A wrong turn into Canada turns into a nightmare for a Shelby Township, Michigan couple.
Bennie and Lalani Choice were heading home from a night out at the Auto Show and dinner in Mexicantown. They're not from Detroit and they got confused when the ramp they were supposed to take for Interstate 75 was closed.
“We didn’t know the area, so I’m like, 'I’m just going to stay down on the service drive and it should be another entrance ramp,'” said Bennie Choice.
Instead they ended up on a "no re-entry" ramp on the way into Canada. They asked a woman at a toll booth how to get back around.
"She did tell me that Customs would just let me turn around, I wouldn't even have to enter into Canada,” Choice said.
Choice said the woman didn’t even charge them for the toll.
After they made it across the bridge, a U.S. Customs agent asked if they had any illegal guns or weapons. Bennie said he didn’t. He said he is a veteran and a licensed gun holder.
"In my mind, I'm not illegal,” Choice said.
He expected to just turn around at that point.
"The exit for the United States was right there, all she had to do was say, 'OK go left,'” said Choice.
Instead, he was flagged over to be searched. When he got out of the car, he told the agent about his gun.
"He looked at me and said do you have a gun? and I said, ‘Yeah I do.’ I gave him my license and everything, and then he said, 'You're under arrest,'” said Choice.
He and his wife were put in handcuffs and taken to a room. The agents also found pepper spray on his wife’s key chain.
"They were like, 'Do you all realize what you were doing, smuggling guns and pepper spray into Canada?' We weren't even trying to come to Canada, we were trying to turn around,” Lalani Choice said.
Lalani said she was treated like an animal. She said she was terrified and crying. She had to call off for her late shift at work, since they were detained for nearly five hours.
"You shouldn't feel like a criminal because you made a wrong turn or you didn't understand the question right, and to be treated ... we were threatened with prison time,” Lalani Choice said.
The couple was forced to surrender their vehicle. Customs agents checked their backgrounds and sent them back across the border in a cab.
In order to get their vehicle back, they had to come back to Canada and pay nearly $2,500. They were not allowed to have the gun back.
The money was supposed to go towards Lalani’s nursing school tuition.
“We were saving that money for that, we don’t have that extra money.” said Bennie.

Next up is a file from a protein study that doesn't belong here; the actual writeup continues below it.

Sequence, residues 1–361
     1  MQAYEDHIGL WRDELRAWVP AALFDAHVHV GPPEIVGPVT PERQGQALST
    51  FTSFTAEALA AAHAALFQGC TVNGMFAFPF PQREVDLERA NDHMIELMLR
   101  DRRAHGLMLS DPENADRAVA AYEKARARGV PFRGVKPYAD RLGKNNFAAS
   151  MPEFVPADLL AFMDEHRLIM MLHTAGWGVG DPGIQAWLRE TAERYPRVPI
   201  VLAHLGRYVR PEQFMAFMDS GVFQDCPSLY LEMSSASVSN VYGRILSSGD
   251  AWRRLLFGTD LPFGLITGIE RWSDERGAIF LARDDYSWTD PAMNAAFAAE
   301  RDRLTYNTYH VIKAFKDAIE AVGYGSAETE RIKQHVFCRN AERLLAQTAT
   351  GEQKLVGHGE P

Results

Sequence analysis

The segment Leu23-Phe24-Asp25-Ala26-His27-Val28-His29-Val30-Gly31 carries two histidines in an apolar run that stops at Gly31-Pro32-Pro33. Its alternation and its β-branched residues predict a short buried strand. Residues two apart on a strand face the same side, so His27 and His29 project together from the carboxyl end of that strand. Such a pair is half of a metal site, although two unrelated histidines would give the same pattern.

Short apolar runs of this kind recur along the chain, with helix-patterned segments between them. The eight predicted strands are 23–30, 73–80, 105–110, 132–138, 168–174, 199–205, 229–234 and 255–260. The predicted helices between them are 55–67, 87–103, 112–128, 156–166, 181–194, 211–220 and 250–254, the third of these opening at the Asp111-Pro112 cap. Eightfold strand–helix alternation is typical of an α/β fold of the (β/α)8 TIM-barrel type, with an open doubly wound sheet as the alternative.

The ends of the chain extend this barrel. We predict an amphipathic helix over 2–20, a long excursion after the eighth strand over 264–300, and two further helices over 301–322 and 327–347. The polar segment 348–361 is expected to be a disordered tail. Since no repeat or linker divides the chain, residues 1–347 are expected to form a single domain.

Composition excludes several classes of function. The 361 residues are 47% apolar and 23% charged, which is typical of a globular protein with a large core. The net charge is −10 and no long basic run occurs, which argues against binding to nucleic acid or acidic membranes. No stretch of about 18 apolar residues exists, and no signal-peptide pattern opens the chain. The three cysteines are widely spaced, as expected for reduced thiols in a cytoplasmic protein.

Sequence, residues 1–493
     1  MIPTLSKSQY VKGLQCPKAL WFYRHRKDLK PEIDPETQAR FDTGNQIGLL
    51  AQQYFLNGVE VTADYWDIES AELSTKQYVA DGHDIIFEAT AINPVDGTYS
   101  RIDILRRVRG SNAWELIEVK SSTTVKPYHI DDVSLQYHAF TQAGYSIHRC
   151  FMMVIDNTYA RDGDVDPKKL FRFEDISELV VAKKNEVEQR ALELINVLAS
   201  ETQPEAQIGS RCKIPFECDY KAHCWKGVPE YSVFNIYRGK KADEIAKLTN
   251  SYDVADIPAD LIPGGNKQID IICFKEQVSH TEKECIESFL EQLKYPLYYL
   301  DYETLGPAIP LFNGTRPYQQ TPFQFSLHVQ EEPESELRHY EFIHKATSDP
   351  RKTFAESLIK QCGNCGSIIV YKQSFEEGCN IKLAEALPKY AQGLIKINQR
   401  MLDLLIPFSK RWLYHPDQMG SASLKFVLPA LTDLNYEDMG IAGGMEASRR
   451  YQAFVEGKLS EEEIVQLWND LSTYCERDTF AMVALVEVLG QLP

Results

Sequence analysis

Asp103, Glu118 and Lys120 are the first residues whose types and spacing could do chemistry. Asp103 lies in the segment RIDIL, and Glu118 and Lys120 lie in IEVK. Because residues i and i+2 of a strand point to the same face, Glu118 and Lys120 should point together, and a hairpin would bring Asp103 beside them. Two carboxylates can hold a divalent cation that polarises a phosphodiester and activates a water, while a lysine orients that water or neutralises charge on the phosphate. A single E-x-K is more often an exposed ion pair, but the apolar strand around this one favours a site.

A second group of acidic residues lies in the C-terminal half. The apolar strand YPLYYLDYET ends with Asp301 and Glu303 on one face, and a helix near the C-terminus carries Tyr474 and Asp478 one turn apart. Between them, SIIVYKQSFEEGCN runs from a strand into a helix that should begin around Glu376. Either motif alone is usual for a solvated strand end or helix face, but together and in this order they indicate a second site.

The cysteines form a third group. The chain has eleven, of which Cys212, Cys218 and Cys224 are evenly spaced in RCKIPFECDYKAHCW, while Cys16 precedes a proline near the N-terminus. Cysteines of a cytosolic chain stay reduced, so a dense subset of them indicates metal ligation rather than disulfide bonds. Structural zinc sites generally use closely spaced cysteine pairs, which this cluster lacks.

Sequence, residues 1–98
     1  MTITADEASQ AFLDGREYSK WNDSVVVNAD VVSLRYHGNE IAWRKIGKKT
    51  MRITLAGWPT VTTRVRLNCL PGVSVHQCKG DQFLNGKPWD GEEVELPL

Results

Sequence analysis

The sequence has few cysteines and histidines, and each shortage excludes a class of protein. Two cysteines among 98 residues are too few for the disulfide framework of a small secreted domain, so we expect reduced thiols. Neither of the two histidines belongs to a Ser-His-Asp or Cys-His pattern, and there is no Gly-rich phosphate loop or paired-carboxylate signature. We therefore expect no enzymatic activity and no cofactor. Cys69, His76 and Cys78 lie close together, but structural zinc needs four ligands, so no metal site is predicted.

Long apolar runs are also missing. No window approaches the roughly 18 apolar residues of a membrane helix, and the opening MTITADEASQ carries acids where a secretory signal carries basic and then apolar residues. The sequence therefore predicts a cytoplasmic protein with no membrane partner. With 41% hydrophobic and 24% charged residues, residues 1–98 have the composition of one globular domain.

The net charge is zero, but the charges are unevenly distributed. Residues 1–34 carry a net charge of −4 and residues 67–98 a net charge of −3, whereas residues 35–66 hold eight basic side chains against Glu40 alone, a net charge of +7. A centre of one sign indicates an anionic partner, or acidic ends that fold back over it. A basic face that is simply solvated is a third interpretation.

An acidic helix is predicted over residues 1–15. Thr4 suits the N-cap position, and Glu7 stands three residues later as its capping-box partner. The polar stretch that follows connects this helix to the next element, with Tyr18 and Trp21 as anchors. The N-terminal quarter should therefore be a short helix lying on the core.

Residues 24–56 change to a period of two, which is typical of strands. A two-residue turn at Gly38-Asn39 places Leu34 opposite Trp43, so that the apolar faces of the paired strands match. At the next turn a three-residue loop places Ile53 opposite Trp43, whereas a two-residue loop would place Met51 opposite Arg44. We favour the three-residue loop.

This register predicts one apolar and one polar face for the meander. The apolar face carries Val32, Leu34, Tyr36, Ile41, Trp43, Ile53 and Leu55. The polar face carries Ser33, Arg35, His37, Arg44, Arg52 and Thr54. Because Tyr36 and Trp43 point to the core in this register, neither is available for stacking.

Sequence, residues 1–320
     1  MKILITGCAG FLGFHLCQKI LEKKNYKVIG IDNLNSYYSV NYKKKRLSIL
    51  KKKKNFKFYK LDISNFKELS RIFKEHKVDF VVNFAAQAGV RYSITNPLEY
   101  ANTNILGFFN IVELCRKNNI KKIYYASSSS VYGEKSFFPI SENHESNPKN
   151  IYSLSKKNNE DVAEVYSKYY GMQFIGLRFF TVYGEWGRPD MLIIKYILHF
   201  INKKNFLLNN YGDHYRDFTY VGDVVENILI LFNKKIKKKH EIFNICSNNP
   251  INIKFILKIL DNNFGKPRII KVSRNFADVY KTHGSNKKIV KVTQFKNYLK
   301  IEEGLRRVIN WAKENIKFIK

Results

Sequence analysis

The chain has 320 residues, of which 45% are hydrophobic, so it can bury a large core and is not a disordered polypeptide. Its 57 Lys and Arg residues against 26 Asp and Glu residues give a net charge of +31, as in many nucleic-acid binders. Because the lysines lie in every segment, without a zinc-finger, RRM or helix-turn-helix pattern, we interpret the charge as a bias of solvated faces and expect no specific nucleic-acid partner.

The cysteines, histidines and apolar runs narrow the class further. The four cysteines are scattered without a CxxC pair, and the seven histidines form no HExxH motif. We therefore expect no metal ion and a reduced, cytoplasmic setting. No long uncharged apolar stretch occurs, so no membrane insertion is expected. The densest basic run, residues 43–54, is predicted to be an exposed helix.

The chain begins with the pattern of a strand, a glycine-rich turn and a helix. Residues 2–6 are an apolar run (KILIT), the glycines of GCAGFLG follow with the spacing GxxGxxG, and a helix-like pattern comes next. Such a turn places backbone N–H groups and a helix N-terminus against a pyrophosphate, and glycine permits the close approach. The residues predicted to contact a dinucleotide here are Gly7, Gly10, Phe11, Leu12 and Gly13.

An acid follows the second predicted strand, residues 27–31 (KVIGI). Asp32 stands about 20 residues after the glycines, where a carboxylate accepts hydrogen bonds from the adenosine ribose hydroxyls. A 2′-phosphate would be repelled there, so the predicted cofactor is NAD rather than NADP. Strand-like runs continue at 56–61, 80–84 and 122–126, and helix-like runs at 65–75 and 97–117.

Scripps station WXYZ in Detroit reached out to the Canada Border Services Agency for comment:
While not speaking to any specific incident, we can tell you that all persons entering Canada must report to the CBSA and answer questions truthfully, regardless if an individual claims to have entered Canada by mistake. When travellers arrive at a port of entry at the primary inspection booth, they must take the first opportunity to declare any firearms in their possession to the CBSA officer to eliminate any risk of penalty or prosecution. All travellers attempting to enter Canada are asked if they have a firearm or weapon in their possession.
Travellers who have fully declared their firearms, but don't have the required licence or permit to import them into Canada, will have the option of obtaining the required documentation, exporting the goods under CBSA supervision, abandoning the goods to the Crown or appealing the prohibited classification of the goods in question. Goods may be exported immediately or the CBSA may hold the item until the importer has made necessary arrangements for the goods to be exported by a company licensed to transport the type of firearm or weapon in question.
Visitors to Canada cannot, under any circumstances, import prohibited firearms, prohibited devices or prohibited weapons. Firearms are high-risk commodities and their interdiction is an enforcement priority of the Agency. Canadian firearms laws are clear: visitors to Canada who do not declare firearms upon arrival can face seizure, criminal prosecution and deportation. All firearms must be declared.
Finally, once a traveller has entered Canada, the individual must report to the CBSA.